By Dr. Bruce Little
Most people understand that dogs need vaccinations, as well as a satisfactory place to live in the home to have happy, healthy lives. For some unknown reason, many cat owners believe their cat will do quite well without vaccinations. This, however, is untrue even if the cat spends the majority of its life inside the home away from other cats, birds and wild animals. All cats need the protection of vaccines from potential viruses, bacteria and diseases. Overall, cats need four things to live a healthy life, and provide everlasting companionship and entertainment to the family with whom it lives. The four items that are necessary for a successful human-cat relationship are:1) Tender loving care by the entire family playing, training, bonding and providing all the necessary physical needs of the cat
2) Annual visits to a veterinarian to check the health status and prevent issues that are unhealthy for the cat
3) Occasional medications as prescribed by your veterinarian
Vaccines help to protect your cat against specific infectious diseases by stimulating the cat’s immune system to produce antibodies that fight off a particular virus or bacteria. The immune system remembers that specific organism, and fends it off when the cat is exposed to it in the future. Without these vaccinations, cats can become seriously ill or even die. Some diseases in cats are easier to vaccinate against than others. There are five major virus infections that effect cats and two prevalent bacterial infections for which there are vaccines available.
Common Viruses for Cats
One of the most common virus infections is Feline viral rhinotracheitis, which is an upper respiratory infection that is easily transmitted and very difficult to treat. Once cats have this disease, they are carriers of the virus for life. Feline calicivirus is also a highly infectious respiratory disease. Recovered cats remain carriers, and they can infect other unvaccinated cats for the rest of their lives. Feline panleukopenia, also known as feline distemper, is another highly resistant virus that can live outside the cat’s body for up to a year. It is highly contagious with up to 100% of unprotected cats vulnerable to the disease. Feline leukemia virus, many times listed as FeLV, can result in many serious health problems in cats including cancer. FeLV is the leading cause of death in cats in North America, according to the American Association of Feline Practitioners (AAFP). Rabies virus effects cats, as it does all other mammals. If an unvaccinated cat decides to go for a walk in the neighborhood and happens to see a rabid skunk, rodent or other wild animal then it can become infected with the rabies virus. Once infected with rabies, there is no cure for the cat or other exposed animals including humans. Many municipal governments require cats be kept current with rabies vaccinations. Your veterinarian may also recommend vaccination for Feline immunodeficiency virus and Feline infectious peritonitis virus in those geographical areas where these viruses are prevalent.
Common Bacterial Infections for Cats
There are bacterial infections that can be harmful to cats depending on your cat’s lifestyle and risk factors. Your veterinarian may recommend vaccination against Chlamydophila, a bacterial infection of the eyes, causing conjunctivitis. This bacteria may also effect the lungs, digestive tract and reproductive tract. This disease is very contagious, especially in young kittens. Bordetella bacteria can cause respiratory disease in cats of any age. Vaccinations should be done before cats enter boarding facilities or other environments where other cats frequent.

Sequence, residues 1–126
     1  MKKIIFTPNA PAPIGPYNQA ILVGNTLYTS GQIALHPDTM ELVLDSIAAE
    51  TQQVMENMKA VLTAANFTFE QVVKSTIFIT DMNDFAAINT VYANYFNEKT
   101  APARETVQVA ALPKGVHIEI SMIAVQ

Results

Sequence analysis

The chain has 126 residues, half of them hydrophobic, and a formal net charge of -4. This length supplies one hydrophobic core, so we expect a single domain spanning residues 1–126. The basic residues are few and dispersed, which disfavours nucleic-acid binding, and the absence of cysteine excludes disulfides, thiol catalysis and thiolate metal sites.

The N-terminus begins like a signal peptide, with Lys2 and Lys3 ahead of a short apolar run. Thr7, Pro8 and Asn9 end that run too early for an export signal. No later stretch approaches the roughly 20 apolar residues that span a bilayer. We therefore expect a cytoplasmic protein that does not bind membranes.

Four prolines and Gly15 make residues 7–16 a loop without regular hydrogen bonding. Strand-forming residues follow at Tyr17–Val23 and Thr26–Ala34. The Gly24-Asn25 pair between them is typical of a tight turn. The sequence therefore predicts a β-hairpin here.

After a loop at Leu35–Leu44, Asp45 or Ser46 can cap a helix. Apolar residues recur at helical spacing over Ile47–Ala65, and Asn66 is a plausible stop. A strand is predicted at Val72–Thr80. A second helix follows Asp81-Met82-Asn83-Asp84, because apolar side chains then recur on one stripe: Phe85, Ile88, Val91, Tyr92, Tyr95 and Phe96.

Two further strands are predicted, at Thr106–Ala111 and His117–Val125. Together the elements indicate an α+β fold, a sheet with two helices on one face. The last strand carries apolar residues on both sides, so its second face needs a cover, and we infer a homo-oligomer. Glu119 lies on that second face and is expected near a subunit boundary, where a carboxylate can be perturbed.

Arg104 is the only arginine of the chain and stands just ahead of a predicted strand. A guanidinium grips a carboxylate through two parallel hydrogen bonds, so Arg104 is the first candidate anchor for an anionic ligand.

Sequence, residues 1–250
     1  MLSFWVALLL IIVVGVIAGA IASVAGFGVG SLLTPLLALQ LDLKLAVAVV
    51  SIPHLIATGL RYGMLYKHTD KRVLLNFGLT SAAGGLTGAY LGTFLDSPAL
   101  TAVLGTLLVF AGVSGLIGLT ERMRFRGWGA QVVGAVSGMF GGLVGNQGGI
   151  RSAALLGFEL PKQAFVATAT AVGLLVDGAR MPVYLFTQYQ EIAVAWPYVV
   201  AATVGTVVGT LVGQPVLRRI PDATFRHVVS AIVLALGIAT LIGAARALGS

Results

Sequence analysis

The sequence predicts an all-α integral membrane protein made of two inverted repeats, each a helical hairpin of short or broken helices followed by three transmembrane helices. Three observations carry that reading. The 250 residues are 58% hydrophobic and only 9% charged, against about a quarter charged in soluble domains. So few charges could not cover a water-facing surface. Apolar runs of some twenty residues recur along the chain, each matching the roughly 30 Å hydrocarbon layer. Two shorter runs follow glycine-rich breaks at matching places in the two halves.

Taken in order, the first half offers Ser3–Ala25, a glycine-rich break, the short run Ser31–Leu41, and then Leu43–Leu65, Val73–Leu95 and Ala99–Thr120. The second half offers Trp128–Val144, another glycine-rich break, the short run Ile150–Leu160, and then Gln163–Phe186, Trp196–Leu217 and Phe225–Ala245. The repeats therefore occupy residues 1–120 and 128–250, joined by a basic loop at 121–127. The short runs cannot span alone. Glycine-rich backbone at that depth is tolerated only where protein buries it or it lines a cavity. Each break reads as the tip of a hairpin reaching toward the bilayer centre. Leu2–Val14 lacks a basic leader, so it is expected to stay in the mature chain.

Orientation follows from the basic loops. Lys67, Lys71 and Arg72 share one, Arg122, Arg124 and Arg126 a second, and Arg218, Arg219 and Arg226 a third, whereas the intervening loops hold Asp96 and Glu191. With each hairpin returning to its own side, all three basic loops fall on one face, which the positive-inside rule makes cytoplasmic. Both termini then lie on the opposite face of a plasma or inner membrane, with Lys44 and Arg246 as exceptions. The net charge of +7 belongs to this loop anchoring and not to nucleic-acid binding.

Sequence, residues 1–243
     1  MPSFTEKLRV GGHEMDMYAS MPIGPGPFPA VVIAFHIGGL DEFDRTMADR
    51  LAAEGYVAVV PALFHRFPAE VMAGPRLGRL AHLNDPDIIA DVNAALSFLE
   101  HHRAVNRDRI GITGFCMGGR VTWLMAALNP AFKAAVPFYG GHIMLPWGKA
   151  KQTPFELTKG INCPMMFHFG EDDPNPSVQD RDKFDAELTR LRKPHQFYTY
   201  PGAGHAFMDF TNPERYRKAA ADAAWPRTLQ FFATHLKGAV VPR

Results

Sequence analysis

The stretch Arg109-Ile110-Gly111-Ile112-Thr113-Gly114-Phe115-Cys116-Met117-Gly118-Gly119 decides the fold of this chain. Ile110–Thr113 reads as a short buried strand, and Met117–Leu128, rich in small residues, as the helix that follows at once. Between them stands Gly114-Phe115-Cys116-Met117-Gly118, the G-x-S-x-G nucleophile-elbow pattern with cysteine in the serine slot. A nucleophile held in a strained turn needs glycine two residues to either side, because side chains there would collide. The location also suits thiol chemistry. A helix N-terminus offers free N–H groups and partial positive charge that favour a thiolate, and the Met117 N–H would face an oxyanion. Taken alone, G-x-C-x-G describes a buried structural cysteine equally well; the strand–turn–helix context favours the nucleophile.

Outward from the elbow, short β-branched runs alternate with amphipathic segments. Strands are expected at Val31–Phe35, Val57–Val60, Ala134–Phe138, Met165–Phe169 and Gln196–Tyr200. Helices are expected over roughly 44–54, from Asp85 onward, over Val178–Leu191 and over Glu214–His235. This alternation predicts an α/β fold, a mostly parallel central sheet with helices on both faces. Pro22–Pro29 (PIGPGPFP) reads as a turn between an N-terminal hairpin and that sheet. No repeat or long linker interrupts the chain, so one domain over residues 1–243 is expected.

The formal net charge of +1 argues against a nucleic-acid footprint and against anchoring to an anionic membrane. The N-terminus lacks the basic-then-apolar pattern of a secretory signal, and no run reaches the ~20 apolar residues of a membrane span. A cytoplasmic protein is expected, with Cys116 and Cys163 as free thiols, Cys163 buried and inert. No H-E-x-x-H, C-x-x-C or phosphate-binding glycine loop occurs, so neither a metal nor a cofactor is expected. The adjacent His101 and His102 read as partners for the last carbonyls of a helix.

Possible Vaccine Side Effects
It is well know that vaccinations can cause side effects in cats. Today’s vaccines are designed to be safe and effective, but occasionally there can be mild side effects. Possible side effects include injection site soreness, low-grade fever and loss of appetite. These effects are usually short-lived and cats usually overcome these effects in a day or two post-vaccination without further treatment or concern. More serious allergic reactions occur rarely, and may include vomiting, diarrhea, facial swelling and difficulty breathing. These serious reactions appear within minutes after vaccination and require immediate veterinary care. Also, although uncommon, cats may develop a tumor at the injections site months or years after vaccination. Talk to your veterinarian about any persistent lumps or swelling at injection sites on your cat. The benefits of vaccination far outweigh any possible health risks.
Vaccinate Your Cat
One of the best things you can do to help your cat live a long, healthy, happy life is to vaccinate against these common feline diseases. As a kitten, the mother’s milk provides temporary immunity from disease. After that, it is up to you and your veterinarian to provide protection through vaccination. The vaccines your cat needs will depend on the cat’s health status, age, lifestyle and what diseases are common in your geographical area. Your cat needs to be vaccinated if you travel with your cat to boarding kennels, other family homes that have cats, bring another cat into the home or allow the cat outdoors at any time. Also, if your cat is an indoor cat then it doesn’t mean it’s safe from disease. You may bring viruses and bacteria into your home on your clothing from visiting other homes. Viruses can also travel on your shoes after hiking or running through a park that contains feral cats that may be carrying disease. Remember, an ounce of prevention is worth a pound of treatment! It may be the only cure in some cases.
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